by Joseph Young
On November 2, 2015, the U.S. Marshal Service concluded the final auction of bitcoins seized from the Silk Road, an online marketplace situated on the deep web, where people could buy and sell items, including drugs and other illegal goods.
The USMS’s six-hour auction was announced on October 5, 2015. In a recent report, the agency stated that during their auction for the 44,341 bitcoin, a total of 11 registered bidders participated, and sent out a total of 30 bids for the coins. Thursday’s auction included 21 bitcoin blocks of 2,000 bitcoin each, together with a block which had 2,341 bitcoin. These numbers indicate an all-time low in bidder participation in the Silk Road bitcoin auctions.
At the time of the auction, the value of bitcoin rose sharply, thus increasing the worth of the bitcoin being sold to around $17.2 million. The USMS stated that no further details of the auction will be released to the press until the bitcoin have been transferred to the winners.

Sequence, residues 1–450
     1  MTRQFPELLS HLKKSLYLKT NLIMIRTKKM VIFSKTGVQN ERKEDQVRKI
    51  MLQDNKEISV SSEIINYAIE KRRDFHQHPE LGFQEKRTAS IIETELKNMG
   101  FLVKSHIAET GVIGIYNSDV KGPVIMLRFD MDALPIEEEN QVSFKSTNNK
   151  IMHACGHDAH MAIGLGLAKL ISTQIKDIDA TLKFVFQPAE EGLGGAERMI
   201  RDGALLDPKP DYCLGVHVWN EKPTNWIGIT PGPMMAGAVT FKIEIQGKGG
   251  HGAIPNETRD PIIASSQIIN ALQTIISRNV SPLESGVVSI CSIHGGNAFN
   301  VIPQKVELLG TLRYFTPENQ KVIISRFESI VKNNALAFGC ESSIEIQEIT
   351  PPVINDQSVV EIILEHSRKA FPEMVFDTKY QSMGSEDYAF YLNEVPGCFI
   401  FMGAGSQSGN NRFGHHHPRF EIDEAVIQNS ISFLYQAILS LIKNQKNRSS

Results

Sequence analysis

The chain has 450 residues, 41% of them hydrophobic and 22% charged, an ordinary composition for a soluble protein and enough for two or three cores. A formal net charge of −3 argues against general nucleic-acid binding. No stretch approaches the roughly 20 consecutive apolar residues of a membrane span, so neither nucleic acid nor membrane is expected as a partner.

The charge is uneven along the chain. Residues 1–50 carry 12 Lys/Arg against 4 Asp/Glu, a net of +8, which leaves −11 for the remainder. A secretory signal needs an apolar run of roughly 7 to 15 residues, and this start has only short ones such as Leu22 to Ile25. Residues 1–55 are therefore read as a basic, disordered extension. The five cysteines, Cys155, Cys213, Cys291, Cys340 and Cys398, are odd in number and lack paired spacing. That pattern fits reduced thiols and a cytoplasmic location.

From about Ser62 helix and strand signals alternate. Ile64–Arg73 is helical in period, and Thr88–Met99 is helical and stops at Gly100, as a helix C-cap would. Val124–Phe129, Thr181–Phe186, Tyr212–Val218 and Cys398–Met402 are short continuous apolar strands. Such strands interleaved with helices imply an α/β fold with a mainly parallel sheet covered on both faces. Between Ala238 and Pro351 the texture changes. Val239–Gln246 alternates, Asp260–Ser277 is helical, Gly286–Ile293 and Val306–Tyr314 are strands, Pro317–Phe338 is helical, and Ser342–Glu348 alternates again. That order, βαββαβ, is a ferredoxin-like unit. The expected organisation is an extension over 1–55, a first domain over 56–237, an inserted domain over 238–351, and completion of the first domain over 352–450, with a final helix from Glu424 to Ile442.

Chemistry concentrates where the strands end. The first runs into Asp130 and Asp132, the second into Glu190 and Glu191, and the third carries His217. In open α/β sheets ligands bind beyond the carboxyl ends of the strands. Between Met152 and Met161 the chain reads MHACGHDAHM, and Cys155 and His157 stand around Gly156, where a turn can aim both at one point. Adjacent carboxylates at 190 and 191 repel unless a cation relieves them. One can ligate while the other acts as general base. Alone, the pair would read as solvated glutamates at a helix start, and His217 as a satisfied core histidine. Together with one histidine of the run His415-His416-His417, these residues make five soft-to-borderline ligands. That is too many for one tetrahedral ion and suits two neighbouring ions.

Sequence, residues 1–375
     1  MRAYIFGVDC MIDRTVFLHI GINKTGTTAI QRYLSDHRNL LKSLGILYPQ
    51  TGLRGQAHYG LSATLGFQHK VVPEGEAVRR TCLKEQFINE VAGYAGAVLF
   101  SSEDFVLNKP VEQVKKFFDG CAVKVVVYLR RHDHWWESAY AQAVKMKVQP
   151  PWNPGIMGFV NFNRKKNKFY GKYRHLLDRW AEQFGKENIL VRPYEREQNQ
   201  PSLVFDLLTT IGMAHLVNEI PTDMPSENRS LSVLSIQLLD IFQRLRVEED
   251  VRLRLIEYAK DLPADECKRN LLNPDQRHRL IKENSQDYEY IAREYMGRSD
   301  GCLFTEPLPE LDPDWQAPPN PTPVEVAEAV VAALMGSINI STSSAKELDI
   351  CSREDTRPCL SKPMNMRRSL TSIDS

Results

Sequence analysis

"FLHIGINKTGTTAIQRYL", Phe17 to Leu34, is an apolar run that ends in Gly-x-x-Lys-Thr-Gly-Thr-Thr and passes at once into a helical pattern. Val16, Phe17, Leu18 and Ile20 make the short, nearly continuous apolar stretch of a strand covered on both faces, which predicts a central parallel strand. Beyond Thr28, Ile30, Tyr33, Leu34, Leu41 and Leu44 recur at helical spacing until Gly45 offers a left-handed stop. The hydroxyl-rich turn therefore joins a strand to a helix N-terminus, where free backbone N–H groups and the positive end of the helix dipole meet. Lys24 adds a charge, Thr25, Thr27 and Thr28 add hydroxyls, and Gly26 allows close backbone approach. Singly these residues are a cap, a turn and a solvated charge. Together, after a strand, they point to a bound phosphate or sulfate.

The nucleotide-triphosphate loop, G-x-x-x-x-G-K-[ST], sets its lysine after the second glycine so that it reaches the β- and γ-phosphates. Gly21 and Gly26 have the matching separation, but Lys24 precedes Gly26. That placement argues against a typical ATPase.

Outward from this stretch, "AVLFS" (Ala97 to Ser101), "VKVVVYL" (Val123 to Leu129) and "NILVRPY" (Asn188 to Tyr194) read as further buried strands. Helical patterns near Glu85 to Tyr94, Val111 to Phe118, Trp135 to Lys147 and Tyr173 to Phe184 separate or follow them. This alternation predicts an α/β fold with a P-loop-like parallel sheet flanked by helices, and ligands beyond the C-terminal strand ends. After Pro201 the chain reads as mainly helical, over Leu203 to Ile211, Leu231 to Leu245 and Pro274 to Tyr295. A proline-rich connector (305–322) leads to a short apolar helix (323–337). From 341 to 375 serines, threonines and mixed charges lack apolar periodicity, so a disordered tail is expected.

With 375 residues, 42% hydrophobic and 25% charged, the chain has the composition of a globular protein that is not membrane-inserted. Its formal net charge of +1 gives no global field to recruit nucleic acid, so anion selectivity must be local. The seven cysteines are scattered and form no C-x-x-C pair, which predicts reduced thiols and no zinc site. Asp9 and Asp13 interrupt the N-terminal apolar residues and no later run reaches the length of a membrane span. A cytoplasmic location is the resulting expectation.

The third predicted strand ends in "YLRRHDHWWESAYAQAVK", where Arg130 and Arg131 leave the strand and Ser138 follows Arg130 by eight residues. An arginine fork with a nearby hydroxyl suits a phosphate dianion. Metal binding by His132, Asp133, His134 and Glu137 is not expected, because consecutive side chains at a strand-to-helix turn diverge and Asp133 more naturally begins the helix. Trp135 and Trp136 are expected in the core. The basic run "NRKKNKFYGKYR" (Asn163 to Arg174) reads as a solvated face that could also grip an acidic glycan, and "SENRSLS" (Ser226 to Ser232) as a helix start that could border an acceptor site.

According to the latest reports, the submitted bids are still being analysed, and the funds have not been transferred to the winners yet.
According to Lynzey Donahue, a spokesperson for the agency, “No further information will be released until the conclusion of the auction process, when financial transactions have been completed and bitcoins have been transferred to the winner(s).”
The bitcoins sold in the auction were the last remaining in the custody of the U.S. Government, following the Silk Road investigation, and the conviction of Ross Ulbricht, the mastermind behind the platform. The marketplace managed to operate for more than two years, and generate a profit of over $214 million for the owners, only to be shut down in October 2013. Once the marketplace was taken down, funds were seized from Silk Road wallets and from the creator of the site.
Prior to this sale, the USMS held auctions in December and June 2014, for around 80,000 bitcoin. A 50,000 bitcoin auction was also held in March earlier this year.